Tracking the diversity of popular music since 1940

This is a rather straightforward post. Our lab is doing research on music taste and one of our projects involves sampling songs from the Billboard Hot 100. It tracks the singles that made it to the #1 in the charts in the US (and for how long they were on top), going back to 1940.

Working on this together with my students Stephen Spivack and Sara Philibotte, we couldn’t fail to notice a distinct pattern in the diversity of music titles over time. See for yourself:

Musical diversity over time. Note that the data was smoothed by a 3-year moving average.

Musical diversity over time. Note that the data was smoothed by a 3-year moving average. A value of just above 10 in the early 40s means that an average song was on top of the charts for over 4 weeks in a row. The peak levels in the mid-70s mean that the average song was only on top of the charts for little more than a week during that period.

Basically, diversity ramped up soon after the introduction of the BillBoard charts, and then had distinct peaks in the mid-1960s, mid-1970s and late 1980s. The late 1990s peak is already much diminished, ushering in the current era of the unquestioned dominance of Taylor Swift, Katy Perry, Rihanna and the like. Perhaps this flowering of peak diversity in the 1970s, 1980s and 1990s accounts for the distinct sound that we associate with these decades?

Now, it would of course be interesting to see what drives this development. Perhaps generational or cohort effects involving the proportion of youths in the population at a given time?

Note 1: “Diversity” as literally “number of different songs over a given time period”. The temporal difference density. It is quite possible that these “different” songs are actually quite similar, but there is no clear metric by which to compare songs or a canonical space in which to compare them. Pandora has data on this, but they are proprietary. So if you prefer “annual turnover rate”, it would probably be more precise.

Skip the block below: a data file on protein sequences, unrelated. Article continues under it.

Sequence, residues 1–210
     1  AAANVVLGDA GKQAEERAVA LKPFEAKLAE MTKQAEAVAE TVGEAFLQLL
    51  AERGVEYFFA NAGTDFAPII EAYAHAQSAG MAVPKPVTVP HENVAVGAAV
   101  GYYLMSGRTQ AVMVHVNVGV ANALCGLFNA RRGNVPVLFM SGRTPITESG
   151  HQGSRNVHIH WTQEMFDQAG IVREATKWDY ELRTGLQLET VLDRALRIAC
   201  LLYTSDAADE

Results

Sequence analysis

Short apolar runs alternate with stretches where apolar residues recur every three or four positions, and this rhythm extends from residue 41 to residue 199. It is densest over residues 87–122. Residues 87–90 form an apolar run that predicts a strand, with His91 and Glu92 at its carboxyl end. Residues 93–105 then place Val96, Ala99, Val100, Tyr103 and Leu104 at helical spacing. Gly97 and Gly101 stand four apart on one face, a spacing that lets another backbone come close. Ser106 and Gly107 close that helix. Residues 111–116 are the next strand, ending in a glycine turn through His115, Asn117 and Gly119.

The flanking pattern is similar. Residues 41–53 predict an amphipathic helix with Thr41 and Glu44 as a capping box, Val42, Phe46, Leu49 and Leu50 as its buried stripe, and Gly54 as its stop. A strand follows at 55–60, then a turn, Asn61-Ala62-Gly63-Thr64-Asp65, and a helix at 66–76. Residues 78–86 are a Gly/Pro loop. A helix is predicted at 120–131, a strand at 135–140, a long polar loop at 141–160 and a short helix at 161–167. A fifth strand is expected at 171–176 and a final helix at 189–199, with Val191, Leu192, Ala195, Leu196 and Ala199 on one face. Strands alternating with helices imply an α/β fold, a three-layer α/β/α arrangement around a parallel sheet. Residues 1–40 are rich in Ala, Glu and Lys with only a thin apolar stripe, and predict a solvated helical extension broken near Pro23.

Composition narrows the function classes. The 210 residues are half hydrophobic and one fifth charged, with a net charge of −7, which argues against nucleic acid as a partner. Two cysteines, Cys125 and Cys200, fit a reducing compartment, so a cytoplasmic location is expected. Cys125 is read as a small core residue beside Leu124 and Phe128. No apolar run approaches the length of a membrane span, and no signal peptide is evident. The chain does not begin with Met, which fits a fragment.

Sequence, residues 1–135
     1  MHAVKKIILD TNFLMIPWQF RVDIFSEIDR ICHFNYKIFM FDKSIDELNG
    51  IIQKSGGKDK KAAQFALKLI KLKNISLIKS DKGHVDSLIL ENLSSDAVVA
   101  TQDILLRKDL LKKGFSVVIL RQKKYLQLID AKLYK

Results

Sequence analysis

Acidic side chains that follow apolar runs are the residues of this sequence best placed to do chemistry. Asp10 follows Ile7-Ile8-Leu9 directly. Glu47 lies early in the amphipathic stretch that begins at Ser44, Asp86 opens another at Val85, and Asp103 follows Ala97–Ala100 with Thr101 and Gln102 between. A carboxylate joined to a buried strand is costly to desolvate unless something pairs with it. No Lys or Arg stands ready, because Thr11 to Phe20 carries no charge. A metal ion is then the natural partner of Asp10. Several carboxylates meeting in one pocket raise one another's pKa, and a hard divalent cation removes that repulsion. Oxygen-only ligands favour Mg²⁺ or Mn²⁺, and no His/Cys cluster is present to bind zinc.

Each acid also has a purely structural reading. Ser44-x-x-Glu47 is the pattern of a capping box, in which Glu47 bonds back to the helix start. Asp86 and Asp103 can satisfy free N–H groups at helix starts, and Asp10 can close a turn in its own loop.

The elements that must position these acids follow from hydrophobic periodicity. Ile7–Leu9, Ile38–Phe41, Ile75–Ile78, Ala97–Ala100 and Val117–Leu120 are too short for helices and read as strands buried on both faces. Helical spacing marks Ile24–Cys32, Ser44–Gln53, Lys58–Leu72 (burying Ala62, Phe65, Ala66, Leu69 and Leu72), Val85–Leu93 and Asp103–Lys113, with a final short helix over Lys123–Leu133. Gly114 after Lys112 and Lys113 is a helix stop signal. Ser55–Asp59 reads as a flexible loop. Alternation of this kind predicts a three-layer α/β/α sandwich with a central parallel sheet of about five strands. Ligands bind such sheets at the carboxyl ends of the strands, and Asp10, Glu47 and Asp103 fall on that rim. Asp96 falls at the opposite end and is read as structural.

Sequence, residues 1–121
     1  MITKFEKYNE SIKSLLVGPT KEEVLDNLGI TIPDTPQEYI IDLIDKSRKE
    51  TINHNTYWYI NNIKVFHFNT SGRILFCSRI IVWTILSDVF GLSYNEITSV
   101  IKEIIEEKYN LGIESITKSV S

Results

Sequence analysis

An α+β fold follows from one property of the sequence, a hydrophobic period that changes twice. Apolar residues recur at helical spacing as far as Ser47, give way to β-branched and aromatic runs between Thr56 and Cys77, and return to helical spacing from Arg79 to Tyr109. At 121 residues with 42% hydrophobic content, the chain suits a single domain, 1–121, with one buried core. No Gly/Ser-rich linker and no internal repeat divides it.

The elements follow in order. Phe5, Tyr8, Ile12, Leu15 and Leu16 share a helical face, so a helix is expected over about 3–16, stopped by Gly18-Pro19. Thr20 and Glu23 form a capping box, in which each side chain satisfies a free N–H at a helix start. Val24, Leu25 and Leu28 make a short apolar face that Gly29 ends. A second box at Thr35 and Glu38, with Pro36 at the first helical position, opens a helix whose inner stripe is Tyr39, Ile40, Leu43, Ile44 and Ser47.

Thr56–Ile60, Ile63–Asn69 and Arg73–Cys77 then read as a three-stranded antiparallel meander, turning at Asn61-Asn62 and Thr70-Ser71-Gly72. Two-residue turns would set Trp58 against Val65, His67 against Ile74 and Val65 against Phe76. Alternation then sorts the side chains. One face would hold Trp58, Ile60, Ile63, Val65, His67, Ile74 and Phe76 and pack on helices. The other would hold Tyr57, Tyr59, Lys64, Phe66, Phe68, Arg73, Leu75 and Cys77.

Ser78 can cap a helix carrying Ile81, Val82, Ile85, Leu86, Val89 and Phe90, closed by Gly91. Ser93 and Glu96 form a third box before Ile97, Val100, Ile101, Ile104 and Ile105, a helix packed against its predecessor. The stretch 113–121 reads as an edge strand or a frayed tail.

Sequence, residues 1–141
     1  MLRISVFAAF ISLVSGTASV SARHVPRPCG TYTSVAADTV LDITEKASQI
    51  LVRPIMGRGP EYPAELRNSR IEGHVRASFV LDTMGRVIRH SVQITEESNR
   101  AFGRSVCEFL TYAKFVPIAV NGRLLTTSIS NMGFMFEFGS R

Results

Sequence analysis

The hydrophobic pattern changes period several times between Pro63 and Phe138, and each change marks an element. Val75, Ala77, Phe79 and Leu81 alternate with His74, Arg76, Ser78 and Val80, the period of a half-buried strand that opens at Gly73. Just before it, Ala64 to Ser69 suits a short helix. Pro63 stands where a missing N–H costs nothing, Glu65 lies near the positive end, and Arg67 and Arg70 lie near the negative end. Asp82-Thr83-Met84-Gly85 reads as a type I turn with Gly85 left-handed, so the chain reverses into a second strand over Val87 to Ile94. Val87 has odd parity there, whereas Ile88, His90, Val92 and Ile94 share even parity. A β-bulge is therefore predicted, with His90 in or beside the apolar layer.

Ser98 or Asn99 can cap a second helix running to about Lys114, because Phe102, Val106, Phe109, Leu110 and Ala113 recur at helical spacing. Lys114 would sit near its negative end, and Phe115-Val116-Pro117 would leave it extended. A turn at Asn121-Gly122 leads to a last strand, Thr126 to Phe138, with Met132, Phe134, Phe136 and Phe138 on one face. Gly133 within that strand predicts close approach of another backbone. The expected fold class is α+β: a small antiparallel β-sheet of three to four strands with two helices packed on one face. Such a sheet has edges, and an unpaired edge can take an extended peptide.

Note 2: My working hypothesis as to what drives these dynamics (that are notable phase-locked to decade) is some kind of overexposure effect. A new style comes about that coalesces at some point. Then, a dominant player emerges, until people get bored of the entire style, which starts the cycle afresh. A paradigmatic case as to how decade-specific the popularity of music is would be Phil Collins.

Note 3: Similarity of music might be hard to quantify objectively. Lots of things sound similar to each other, e.g. the background beat/subsound in Blank space and the background beat/subsound in the Limitless soundtrack.

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5 Responses to Tracking the diversity of popular music since 1940

  1. Tom says:

    Did you do a Fourier transformation? Or better: When is this going to change!!!
    https://drive.google.com/file/d/0B_D6zAvi1BasMHFKQk9iSEsxUjA/view?usp=sharing

  2. Leor says:

    Hey Pascal- interesting stuff!
    How about plotting an artist (as opposed to song) diversity curve too? Would be cool to check out and compare..

  3. Peter Smith says:

    That is a plausible hypothesis but why would the cycle take as long as a decade?

  4. Peter Smith says:

    I suggest the decadal cycle is the result of the aging of a particular audience cohort and being replaced by a new cohort with altered tastes.

  5. Richard says:

    I found this very interesting and it opens up many more interesting questions.

    Before the 90’s music was much more tribal with a few large groupings that blended fashion with music (mods, rockers, punks, disco etc.). The means of music distribution was limited compared to today – radio and TV(which predominately focussed on playing the hits), concerts and buying or listening to records bought from shops. Discovering and listening to alternative styles of music was much more difficult than today and was usually reflected by album purchases (which were not counted in the Billboard Top 100).

    Now with music distributed digitally it has opened up a much larger listening and buying audience and made it far easier to discover and listen to more diverse music.

    So if you have a much larger population with easier access to more diverse music why is the diversity of the Billboard Top 100 decreasing ?

    Has this decreased the relevance of the the Billboard Top 100 to the overall diversity of the listening populations tastes ?

    Sales required to get into the Top 100 has actually decreased considerably since the 90’s.

    Does this mean that the Top 100 now reflects the listening preferences of a smaller percentage of the overall population ?

    Does music production technology now make it easier to make songs that simply ride the wave of any surges in popularity of a particular style?

    It would be interesting to see the following on the same timeline:

    1. When were Billboard Policy changes made ?
    2. What were the total sales volumes represented by Top 100 ?
    3. When were different means of distribution made – Vinyl, CD’s MP3’s, Streaming etc..
    4. When were different production and recording technologies introduced (e.g. sampling)

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